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Nandy, A. (1979). Ramanujan in England: An East-West Collaboration in Science. Psychoanal. Rev., 66(3):423-442.

(1979). Psychoanalytic Review, 66(3):423-442

Ramanujan in England: An East-West Collaboration in Science

Ashis Nandy, Ph.D.


The real break for Srinivasa Ramanujan Aiyangar (1887-1920), the untrained Indian mathematical genius, came at the beginning of 1913 when he was twenty-five. That year, encouraged by two of his local patrons, he sent the “bare statements” of some 120 theorems, mainly formal identities, to the well-known Cambridge mathematician G. H. Hardy (1877-1947). This was the first step toward the most legendary collaboration between two mathematicians of modern times and perhaps the most remarkable East-West scientific collaboration of all times.a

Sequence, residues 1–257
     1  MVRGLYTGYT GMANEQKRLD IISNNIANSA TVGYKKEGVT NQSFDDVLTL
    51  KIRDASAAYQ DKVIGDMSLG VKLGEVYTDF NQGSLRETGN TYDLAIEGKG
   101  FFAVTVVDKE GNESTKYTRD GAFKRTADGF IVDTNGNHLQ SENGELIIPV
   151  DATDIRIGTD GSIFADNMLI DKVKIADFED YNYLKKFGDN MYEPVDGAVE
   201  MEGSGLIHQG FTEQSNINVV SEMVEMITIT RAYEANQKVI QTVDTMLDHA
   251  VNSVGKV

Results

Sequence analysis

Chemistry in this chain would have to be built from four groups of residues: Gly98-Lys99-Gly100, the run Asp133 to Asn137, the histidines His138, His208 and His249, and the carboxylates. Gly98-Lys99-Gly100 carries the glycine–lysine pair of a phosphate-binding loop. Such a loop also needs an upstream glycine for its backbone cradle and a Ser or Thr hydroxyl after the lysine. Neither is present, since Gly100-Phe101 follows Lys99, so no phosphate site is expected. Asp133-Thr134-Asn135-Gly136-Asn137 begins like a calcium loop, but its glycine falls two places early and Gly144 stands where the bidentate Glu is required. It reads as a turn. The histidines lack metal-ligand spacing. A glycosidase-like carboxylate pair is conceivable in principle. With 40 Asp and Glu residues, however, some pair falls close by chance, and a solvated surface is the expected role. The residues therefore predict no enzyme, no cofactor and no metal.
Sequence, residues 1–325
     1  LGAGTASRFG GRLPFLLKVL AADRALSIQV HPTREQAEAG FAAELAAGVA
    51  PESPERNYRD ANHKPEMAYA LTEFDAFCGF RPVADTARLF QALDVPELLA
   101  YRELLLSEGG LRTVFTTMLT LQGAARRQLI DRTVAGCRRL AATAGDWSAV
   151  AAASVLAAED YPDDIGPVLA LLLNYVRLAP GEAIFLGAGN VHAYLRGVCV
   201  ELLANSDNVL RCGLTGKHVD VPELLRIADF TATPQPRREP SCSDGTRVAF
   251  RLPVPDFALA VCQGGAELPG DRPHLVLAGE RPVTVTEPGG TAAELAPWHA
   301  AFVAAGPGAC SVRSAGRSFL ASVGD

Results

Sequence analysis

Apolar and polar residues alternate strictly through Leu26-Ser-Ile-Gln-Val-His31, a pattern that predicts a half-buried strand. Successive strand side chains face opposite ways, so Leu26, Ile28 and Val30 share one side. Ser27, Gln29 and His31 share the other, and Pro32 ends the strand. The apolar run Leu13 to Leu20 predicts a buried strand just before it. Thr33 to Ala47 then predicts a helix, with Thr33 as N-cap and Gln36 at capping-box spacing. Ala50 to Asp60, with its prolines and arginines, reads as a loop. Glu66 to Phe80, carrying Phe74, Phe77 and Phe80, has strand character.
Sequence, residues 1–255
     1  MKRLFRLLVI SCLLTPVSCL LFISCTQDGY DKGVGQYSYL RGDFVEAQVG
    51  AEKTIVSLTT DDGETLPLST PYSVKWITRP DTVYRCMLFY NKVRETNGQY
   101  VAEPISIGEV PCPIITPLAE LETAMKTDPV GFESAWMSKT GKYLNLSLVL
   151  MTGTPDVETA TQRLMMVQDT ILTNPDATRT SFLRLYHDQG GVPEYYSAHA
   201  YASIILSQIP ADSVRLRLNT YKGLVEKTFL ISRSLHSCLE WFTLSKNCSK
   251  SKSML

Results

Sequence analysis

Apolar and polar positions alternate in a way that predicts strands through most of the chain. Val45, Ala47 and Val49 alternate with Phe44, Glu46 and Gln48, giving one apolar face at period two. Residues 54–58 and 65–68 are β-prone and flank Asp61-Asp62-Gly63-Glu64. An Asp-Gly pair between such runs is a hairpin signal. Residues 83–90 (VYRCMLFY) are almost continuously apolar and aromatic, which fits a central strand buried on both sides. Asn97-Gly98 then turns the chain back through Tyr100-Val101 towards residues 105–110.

At the time when he wrote to Hardy, Ramanujan was working for the Port Trust in Madras on a redoubtable salary of Rs 25 per month. He still wore home-washed unironed clothes and used red ink to do his mathematical work on previously used paper. But he was no more an unknown, half-educated Brahmin obsessed with mathematics. His fame had spread beyond his home town, Kumbhakonam, his papers had already been published in the journal of the Indian Mathematical Society, and some had already begun to call him a genius.

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